When the sport of boxing serves as the backdrop to a film, it was originally used as a comedic tool due to its novelty status at the time of its introduction. Silent film actors Charlie Chaplin and Buster Keaton used it in their films for slapstick purposes. Boxing-as-comedy became so widespread that no one took it seriously on-screen. But that was until Alfred Hitchcock came along with a film called The Ring in 1927. Written and directed by Hitchcock himself, it was a silent film, but a drama. It was a love story about a boxing underdog. With a plot that simple, it set the standard for boundary-pushing cinematic boxing dramas in the decades to come. Movies like Creed (2015), The Rocky franchise (1976-2015), Ali (2001), The Fighter (2010), and Raging Bull (1980) all expanded on Hitchcock’s vision by telling stories that pulled the audience into the visceral boxing scenes and got them emotionally invested in the protagonists.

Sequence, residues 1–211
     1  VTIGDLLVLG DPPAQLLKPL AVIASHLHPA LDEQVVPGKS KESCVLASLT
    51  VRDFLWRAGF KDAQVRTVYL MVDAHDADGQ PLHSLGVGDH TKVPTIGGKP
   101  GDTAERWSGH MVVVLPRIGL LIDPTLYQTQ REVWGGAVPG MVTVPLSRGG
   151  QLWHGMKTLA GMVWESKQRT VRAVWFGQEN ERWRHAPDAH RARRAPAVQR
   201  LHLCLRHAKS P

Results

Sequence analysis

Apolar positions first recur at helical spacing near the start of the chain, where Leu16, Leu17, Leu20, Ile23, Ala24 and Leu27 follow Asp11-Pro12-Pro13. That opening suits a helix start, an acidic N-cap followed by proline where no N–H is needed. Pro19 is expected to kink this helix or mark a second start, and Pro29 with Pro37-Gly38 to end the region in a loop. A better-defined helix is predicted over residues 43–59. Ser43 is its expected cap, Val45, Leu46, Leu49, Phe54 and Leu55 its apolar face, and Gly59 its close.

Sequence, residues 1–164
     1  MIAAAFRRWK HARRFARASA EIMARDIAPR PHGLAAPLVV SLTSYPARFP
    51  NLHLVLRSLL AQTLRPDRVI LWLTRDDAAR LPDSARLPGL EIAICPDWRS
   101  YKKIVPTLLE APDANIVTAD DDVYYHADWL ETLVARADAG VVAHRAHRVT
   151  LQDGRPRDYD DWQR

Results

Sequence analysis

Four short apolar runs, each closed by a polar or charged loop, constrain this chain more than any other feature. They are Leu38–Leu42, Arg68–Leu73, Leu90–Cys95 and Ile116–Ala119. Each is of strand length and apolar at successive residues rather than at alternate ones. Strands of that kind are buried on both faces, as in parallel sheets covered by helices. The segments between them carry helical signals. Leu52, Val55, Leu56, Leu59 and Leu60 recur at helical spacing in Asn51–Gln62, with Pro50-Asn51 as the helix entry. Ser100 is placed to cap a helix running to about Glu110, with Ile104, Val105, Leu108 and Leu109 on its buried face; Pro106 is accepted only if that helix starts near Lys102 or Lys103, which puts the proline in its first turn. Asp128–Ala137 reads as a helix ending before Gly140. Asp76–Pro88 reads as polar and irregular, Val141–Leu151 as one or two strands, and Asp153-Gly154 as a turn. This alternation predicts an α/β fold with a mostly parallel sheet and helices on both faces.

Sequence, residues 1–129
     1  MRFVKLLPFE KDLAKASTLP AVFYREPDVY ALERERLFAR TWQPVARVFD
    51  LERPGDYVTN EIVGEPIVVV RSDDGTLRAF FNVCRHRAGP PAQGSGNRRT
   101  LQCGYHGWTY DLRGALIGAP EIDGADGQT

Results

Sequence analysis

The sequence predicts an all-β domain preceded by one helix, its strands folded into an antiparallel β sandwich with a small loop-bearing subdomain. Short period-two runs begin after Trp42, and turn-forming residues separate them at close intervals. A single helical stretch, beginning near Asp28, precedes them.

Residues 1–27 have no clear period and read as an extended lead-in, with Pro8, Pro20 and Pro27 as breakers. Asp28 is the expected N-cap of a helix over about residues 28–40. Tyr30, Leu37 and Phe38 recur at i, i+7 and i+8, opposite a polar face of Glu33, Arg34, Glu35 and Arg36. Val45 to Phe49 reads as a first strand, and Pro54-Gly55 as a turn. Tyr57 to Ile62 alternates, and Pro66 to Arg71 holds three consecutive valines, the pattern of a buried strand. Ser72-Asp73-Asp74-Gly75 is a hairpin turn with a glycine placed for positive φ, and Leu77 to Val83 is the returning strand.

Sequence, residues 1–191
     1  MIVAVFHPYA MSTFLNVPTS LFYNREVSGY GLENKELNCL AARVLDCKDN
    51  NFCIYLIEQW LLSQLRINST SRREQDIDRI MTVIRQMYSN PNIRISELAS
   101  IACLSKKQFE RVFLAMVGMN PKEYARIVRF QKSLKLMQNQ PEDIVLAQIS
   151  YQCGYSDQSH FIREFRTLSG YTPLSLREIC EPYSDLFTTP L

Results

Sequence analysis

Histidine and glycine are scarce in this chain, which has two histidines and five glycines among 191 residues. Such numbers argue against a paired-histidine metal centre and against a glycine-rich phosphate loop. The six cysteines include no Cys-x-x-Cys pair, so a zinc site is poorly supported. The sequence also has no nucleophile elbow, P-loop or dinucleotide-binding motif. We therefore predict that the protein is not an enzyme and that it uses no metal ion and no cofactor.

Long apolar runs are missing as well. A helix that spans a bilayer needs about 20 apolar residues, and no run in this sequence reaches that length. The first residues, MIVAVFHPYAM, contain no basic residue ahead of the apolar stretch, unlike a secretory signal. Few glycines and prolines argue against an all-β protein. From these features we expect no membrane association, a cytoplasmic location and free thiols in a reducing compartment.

In the video below, Nelson Carvajal takes us through a history of the conventions of boxing of films and the elements that make a good boxing film. Check it out: